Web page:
It's only when I'm walking in my covenant, that he can use me to help hold back the proverbial river, wherever he tells me to stand. If I try to step into that river without him, I'm toast. No matter how pure and selfless my intentions. But with him, I can stand against anything.

Even if it's a river at flood time, and he calls me to stand there long enough for millions of people to cross over to the other side.

I can do everything through Christ, who gives me strength. ~ Philippians 4:13 

Therefore put on the full armor of God, so that when the day of evil comes, you may be able to stand your ground, and after you have done everything, to stand. ~ Ephesians 6:13

In case you're curious, here's my other post about Joshua 3: Don Pedro

Tuesday, February 24, 2015


I was dropping off my favorite four-legged friend at my parents' house Saturday morning.  He's technically my mom's dog, but we're best buds so I love the times I get to spend with him.

My dad was doing his normal channel-surfing thing, and he happened to stumble upon the Alpine Skiing World Championships.  He must love me because he ceased with his surfing for a bit to let me enjoy the competition.  (I love things like this!)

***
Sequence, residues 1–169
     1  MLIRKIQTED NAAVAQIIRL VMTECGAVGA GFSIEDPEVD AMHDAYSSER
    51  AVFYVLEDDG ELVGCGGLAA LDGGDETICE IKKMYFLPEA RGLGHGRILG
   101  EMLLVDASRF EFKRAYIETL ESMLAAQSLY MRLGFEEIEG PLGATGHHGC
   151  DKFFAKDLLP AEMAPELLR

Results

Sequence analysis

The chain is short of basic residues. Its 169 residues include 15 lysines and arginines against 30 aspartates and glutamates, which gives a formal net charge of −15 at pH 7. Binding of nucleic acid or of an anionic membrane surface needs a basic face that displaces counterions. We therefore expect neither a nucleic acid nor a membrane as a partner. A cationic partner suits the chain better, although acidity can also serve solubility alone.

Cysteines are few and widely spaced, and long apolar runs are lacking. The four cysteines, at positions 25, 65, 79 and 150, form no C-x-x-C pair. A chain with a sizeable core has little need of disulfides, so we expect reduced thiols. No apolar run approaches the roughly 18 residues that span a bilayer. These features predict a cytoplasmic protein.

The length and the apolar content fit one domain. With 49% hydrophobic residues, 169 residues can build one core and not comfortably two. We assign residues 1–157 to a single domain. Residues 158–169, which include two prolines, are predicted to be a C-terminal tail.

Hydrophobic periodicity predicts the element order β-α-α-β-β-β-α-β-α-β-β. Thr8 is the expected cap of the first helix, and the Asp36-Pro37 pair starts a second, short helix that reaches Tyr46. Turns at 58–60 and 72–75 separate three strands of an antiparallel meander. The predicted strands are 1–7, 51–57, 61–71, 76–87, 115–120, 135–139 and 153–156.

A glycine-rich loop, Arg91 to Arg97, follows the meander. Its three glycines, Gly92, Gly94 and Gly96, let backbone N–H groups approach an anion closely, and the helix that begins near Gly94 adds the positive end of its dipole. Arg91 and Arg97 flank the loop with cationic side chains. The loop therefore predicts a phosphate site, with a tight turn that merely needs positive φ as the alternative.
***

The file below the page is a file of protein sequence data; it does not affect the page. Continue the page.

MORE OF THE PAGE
I was even more stoked than usual because we caught the final runs for women's slalom, and I just love watching slalom.  There's a rhythm and grace to it that I find completely captivating.

But it's also exciting because in the blink of an eye, a perfect run can fall completely apart.  And not necessarily in dramatic fashion like a head-over-heels tumble.  I have this distinct memory from the Sochi Olympics last winter.  A skier was having a great run, leaning into every turn, gaining time on the leader, and just looking fantastic.  Then seemingly out of nowhere, she just stopped and took herself off the course.  It was very controlled, and left the commentators stunned for a brief moment.

"She must have missed a gate," one said.  And indeed, a review of her run showed that the tip of her ski just missed the second pole of a double gate.  She hugged the edge too much by millimeters and the pole went through her legs.

Just like that, her run was over.

She wasn't the only one who had trouble. That Sochi course was particularly difficult. Part of it was the course, and part of it was the weather. Watching skier after skier try to conquer that particularly tight section of the Sochi course brought to mind these verses: